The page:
Pema Chodron, in her book The Places That Scare You (2001), explains that the formal practice of loving kindness has 7 stages, beginning with “engendering loving-kindness for ourselves, then expanding it at our own pace to include loved ones, friends, ‘neutral’ persons, those who irritate us… [and then gradually we broaden the circle to include] all beings through time and space” (Chodron, 43). She says that if we don’t question our feeling of irritation, it is easy to let emotions hook us in and shut us down.

4.   Am I actually trying to live the principles and values of Unitarian Universalism by acting with compassion, respect and high value of our interdependence? The author Stephen Covey (The Seven Habits of Highly Effective People, 2004, p.277) says that we can lower our expectations of independence and raise our level of involvement in order to develop unity between people: “The more genuine the involvement, the more sincere and sustained the participation in analyzing and solving problems, the greater the release of everyone’s creativity” (Covey, 283)

In this excerpt from his book Savor, the Buddhist monk Thich Nhat Hanh says that there is a human need for meaning, for purposeful connection, for community, and for real engagement in the world:
All of us have a great capacity for compassion. We want to help those who are really in need, who are suffering…But how do we begin? Transforming the world starts with oneself. It is through attending to our own well-being and staying in touch with what is happening in our own personal lives that we can have a greater capacity to understand and address the world’s suffering. We are then on a sturdier foundation to contribute to improving our world. (Thich Nhat Hanh, Savor, 2010, pp.224-5)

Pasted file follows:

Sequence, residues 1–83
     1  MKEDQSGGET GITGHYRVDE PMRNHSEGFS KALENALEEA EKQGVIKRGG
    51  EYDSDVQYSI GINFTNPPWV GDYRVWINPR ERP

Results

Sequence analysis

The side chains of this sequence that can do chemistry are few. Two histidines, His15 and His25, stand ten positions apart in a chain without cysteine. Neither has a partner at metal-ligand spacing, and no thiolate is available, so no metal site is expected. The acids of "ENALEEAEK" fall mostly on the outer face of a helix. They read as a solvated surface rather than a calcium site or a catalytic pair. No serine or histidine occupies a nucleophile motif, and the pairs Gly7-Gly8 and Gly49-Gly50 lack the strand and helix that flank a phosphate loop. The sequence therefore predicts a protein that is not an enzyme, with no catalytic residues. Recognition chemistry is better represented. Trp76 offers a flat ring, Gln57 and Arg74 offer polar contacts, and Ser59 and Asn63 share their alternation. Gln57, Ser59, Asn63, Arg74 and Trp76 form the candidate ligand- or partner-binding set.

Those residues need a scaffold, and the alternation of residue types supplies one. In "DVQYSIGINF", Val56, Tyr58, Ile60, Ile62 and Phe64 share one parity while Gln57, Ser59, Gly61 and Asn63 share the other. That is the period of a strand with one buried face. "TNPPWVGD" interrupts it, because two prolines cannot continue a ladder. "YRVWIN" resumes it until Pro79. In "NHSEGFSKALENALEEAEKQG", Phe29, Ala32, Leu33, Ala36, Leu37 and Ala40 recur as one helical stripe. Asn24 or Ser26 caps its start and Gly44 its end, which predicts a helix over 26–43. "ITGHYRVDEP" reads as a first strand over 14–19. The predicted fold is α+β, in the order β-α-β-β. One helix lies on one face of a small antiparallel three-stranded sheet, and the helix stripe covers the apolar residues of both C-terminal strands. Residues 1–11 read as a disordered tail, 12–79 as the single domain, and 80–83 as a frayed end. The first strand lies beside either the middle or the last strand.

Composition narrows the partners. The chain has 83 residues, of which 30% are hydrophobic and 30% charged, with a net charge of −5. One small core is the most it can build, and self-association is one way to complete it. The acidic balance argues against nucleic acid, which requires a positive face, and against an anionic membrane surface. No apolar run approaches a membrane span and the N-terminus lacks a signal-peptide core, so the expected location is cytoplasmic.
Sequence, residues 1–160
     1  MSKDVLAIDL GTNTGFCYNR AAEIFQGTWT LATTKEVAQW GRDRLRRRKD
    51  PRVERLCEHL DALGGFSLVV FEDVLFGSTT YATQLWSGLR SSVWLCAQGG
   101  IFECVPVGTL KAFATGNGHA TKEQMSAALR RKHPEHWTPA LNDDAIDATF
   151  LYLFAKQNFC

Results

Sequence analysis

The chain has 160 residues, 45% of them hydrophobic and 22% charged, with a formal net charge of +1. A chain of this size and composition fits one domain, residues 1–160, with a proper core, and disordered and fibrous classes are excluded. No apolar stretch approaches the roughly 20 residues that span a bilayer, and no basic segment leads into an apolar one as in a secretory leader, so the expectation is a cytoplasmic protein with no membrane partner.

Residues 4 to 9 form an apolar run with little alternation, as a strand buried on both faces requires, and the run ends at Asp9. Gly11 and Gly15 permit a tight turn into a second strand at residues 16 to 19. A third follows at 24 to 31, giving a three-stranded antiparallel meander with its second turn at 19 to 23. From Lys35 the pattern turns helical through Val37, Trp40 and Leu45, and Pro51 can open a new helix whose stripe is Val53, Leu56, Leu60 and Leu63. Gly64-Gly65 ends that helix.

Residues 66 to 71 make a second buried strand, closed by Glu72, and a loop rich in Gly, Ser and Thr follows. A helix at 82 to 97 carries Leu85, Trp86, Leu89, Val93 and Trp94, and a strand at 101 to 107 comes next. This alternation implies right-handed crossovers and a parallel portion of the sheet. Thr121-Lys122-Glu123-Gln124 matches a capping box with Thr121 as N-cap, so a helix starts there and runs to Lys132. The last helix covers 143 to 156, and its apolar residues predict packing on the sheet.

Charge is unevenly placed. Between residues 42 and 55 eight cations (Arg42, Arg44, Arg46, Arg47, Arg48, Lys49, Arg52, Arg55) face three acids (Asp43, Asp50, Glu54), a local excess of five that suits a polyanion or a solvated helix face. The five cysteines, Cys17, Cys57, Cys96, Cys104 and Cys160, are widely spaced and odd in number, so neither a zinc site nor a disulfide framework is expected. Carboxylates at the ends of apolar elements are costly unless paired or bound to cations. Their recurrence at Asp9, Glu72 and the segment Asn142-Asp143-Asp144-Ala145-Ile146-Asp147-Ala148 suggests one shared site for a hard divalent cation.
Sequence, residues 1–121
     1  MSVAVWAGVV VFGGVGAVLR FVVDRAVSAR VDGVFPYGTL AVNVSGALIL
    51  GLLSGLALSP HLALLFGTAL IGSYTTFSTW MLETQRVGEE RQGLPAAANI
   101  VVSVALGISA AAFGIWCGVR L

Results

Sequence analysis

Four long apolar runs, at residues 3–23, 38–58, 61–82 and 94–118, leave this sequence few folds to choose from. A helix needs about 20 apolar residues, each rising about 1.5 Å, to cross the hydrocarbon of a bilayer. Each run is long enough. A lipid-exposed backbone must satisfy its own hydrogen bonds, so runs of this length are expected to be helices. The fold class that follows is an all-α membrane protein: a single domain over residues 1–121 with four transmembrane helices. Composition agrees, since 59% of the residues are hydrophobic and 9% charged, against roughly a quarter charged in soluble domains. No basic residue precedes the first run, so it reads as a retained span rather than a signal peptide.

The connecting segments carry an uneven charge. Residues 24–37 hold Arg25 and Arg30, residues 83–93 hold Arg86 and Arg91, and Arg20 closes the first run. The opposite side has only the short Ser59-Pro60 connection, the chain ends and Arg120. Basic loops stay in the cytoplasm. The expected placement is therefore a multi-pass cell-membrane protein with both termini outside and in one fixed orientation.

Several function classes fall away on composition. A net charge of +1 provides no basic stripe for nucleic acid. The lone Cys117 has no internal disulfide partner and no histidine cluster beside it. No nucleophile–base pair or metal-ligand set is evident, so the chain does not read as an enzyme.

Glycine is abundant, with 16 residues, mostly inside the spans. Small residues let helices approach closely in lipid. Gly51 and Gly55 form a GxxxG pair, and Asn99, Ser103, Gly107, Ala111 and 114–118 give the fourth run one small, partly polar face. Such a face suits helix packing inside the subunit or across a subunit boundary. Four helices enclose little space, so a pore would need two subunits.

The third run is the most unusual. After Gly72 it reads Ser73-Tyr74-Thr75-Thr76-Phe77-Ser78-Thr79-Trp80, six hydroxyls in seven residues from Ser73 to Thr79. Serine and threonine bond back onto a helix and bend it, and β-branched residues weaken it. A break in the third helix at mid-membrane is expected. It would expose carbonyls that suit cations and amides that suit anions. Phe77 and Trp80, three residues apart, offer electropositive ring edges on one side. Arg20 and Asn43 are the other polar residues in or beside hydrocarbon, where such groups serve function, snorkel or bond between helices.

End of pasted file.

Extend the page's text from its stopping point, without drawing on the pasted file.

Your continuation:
5.   Can I let go of my need to control the situation? Barbara Brown Taylor tells a story about the Desert Monks, early Christians who lived apart from society but had a strong sense of community. Two elders decided that they should try to have a quarrel like ordinary men; but since they had never had one before they did not know where to start. Even after agreeing how to argue over ownership of a brick, one of them gave in almost immediately, and so they “failed to get into an argument at all” (Barbara Brown Taylor, An Altar in the World, 2008, 89-90). Normally, we don’t have any problem getting into an argument! And we can tell when conflict escalates to become destructive because we feel we have no control and we begin to think and behave irrationally. We try to control a situation in order to avoid failure or losing face.

6.   Can I have disagreements with an individual or group, do so in love and respect, and continue to stay in community? The Native American activist Catherine Attla speaks of “the big law of respect.” A respectful church “is one where boundaries are kept, saboteurs are confronted, crises are faced” (Owen-Towle, 67). But how can we fight and still stay together? When we realize that conflict is normal and that the key to success is to find healthy ways of dealing with it, we can actually develop rules for fair fighting. Here are some ground rules that you may already use: (Boers, p.73)
·      Don’t label or name-call
·      Don’t attack or question motives
·      Propose positive changes, so not just offer negative complaints